[​IMG]

    On the closest side of the apron to the operator, these are the 2 screws on the left side.
    [​IMG]

    On the closest side, to the right, there are 3 screws, but I think one of them is the carriage lock, only 2 of them are adjusted. I think the two that are highlighted are the correct 2.
    [​IMG]

    I don't think they get locked, and they couldn't be snugged up all the way or the apron locked in place. Maybe they are supposed to be shimmed so they can be torqued down and still allow movement without being loose. But just tightening them up made a world of different with the surface finish and chatter issue that popped up.
     
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  13. Ironken

    Ironken United States Active Member Active Member

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    Thank you Shooter for taking the time to clearly show me what you did. I'm going to go take a look at mine now. This is good to know.
     
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  14. shooter123456

    shooter123456 United States Active Member Active Member

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    Another shoutout to PM customer service. When the power button broke, they had a new one to me in 2 days. It was easy to replace.

    I think I now have my first major failure on the machine. During a relatively heavy cut, one of the fuses literally exploded in the machine. It destroyed the fuse holder and melted through the plastic nut securing it.

    For reference, the cut was .08" deep (.16" off the diameter) in a 1.25" piece of 1018 steel, cutting .005"/rev and 500 RPM. An online calculator estimates that this particular cut used about .75 HP.

    Here is a picture of the fuse holder on the machine. It is in the back panel, not the front one. You can see the melted plastic nut on it. It had to be cut off to remove.
    [​IMG]

    Here is the inside of the fuse holder. When I took it off, it just fell apart. The threaded cap with the metal insert on top melted completely.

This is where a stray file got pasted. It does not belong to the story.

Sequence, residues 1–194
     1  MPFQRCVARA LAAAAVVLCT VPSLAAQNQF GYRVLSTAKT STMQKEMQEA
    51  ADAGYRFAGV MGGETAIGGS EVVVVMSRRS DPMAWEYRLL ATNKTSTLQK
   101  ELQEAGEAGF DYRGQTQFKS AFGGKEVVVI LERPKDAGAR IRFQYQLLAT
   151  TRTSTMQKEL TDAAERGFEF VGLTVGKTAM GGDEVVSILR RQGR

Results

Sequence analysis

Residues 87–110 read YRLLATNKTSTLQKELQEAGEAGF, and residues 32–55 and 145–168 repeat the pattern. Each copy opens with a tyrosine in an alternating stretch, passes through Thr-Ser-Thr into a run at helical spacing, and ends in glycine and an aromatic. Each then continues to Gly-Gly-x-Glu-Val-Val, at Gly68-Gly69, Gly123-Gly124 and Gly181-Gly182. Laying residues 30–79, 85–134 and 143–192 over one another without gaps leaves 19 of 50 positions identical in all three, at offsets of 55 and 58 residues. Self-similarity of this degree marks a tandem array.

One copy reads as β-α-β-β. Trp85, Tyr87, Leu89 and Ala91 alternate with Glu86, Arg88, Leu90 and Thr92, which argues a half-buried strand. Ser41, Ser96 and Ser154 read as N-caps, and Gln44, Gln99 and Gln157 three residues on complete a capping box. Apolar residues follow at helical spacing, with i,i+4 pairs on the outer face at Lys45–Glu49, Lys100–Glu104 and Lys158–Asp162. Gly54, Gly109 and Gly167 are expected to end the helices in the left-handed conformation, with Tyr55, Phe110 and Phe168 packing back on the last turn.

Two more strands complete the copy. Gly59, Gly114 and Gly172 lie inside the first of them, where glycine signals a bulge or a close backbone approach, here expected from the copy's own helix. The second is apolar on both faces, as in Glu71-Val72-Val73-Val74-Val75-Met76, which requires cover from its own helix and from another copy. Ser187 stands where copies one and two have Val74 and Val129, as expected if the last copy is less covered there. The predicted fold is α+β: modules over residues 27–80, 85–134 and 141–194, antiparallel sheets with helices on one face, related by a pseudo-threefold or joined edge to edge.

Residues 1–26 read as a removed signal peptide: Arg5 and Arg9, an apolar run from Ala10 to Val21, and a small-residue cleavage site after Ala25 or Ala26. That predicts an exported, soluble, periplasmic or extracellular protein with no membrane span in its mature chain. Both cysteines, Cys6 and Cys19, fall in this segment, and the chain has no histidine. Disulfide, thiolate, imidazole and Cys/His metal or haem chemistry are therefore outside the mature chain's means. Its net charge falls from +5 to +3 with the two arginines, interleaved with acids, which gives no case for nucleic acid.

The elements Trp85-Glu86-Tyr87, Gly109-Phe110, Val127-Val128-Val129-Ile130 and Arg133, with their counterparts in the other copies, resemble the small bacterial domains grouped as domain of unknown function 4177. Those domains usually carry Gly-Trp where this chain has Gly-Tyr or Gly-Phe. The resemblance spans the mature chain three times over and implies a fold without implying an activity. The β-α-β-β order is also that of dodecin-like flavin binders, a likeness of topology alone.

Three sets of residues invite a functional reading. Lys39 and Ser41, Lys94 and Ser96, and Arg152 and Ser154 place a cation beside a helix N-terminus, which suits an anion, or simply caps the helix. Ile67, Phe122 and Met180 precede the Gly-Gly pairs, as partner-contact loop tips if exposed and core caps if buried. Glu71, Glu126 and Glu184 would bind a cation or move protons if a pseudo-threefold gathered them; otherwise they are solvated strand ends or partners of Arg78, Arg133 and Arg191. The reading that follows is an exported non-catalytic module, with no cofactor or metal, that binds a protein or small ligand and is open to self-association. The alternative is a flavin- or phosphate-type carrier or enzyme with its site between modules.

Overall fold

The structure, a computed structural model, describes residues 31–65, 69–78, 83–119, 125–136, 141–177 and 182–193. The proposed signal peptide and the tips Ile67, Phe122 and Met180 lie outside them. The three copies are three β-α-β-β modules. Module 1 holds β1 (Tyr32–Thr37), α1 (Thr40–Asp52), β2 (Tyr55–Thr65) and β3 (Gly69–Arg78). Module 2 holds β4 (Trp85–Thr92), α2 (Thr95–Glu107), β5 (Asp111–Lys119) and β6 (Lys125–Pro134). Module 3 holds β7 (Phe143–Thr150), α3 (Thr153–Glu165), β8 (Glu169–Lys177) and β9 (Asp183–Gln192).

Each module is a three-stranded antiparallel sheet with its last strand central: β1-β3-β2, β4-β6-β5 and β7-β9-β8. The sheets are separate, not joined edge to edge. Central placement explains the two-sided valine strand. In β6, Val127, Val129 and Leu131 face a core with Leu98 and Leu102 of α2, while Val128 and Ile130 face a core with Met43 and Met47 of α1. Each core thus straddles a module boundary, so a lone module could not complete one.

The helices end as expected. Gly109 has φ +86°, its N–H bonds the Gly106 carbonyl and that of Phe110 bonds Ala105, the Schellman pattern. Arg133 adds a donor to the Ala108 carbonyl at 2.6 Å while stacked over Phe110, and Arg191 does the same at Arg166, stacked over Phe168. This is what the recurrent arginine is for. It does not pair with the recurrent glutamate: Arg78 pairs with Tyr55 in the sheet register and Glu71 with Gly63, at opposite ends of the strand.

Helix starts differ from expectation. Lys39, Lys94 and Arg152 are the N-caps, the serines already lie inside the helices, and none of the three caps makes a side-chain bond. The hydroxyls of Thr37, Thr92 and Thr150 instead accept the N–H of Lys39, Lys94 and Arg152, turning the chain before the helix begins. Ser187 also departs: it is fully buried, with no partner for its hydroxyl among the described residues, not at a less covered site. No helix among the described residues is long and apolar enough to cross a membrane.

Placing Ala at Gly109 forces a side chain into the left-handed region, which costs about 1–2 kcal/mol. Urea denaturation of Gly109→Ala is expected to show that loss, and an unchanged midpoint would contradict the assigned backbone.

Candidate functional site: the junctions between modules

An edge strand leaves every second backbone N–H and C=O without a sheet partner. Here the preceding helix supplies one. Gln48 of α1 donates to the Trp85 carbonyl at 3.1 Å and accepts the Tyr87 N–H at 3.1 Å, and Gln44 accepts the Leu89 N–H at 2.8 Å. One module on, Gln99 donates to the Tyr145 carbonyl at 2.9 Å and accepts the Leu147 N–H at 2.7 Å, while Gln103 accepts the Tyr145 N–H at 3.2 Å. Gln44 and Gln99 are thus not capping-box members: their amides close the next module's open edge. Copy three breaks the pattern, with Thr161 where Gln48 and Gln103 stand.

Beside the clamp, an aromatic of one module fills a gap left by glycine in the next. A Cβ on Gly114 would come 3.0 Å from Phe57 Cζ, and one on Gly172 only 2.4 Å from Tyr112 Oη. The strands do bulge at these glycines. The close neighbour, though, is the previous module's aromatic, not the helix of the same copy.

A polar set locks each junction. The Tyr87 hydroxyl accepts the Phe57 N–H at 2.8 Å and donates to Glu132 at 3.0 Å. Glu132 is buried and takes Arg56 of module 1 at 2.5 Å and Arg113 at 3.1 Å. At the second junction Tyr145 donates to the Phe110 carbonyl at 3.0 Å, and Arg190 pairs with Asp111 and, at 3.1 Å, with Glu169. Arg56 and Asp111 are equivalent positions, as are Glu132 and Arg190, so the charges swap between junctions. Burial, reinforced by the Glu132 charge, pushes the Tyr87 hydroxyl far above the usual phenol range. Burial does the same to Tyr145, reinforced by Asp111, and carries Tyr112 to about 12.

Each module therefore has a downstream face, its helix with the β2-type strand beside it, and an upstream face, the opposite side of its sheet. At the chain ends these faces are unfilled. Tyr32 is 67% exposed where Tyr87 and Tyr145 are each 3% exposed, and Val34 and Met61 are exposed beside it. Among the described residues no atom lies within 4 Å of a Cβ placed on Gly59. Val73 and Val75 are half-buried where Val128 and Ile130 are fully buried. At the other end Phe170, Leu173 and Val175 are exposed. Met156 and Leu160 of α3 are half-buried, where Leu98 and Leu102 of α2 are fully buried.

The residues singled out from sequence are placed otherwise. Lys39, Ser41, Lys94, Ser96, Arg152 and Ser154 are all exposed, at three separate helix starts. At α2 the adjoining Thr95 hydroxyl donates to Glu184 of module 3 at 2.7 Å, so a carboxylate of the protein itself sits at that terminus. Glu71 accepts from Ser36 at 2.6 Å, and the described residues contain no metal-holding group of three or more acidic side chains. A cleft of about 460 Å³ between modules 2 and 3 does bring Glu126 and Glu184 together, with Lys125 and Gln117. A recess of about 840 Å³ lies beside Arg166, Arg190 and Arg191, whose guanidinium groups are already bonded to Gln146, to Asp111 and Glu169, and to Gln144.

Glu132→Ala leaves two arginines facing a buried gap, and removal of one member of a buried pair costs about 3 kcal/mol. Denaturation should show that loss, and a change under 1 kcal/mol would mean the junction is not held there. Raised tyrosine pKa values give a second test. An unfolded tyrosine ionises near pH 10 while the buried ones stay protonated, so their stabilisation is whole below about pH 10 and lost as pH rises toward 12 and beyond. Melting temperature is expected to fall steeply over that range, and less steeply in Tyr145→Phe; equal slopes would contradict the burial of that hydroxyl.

[​IMG]

    It was in the middle of this cut when it failed. Its a pretty deep cut for this particular machine, but it creates a fantastic chip and just drops them right below, no flinging. Also, the finish is pretty great especially considering it was a heavy roughing pass using a 90 cent chinese insert and a homemade 12L14 tool holder.
    [​IMG]

    I cant tell you how much more enjoyable turning is when the chips are well controlled. Its much easier and nicer to cut with the chips just dropping below instead of being chucked at you or creating really long strings. The machine was cleaned completely before I started. All of those chips were made in about 5 minutes.
    [​IMG]

    While I was searching for the part that failed, I took the front cover off and got a look inside the head casting. I have never seen a picture of that before so I decided to post it. Its not as thick as I thought it would be given how rigid and heavy the machine is. I also didn't realize that the part directly adjacent to the spindle nose is the head casting. I thought there was a piece of sheet metal covering it. They certainly do a better job cleaning up the casting on the outside than they do the inside. I also noticed that there is paint on the spindle shaft. I didn't expect that. I figured the paint would have been applied before the spindle was installed. Also, given how rigid the machine is, I figured the screws securing the head to the bed would be much bigger.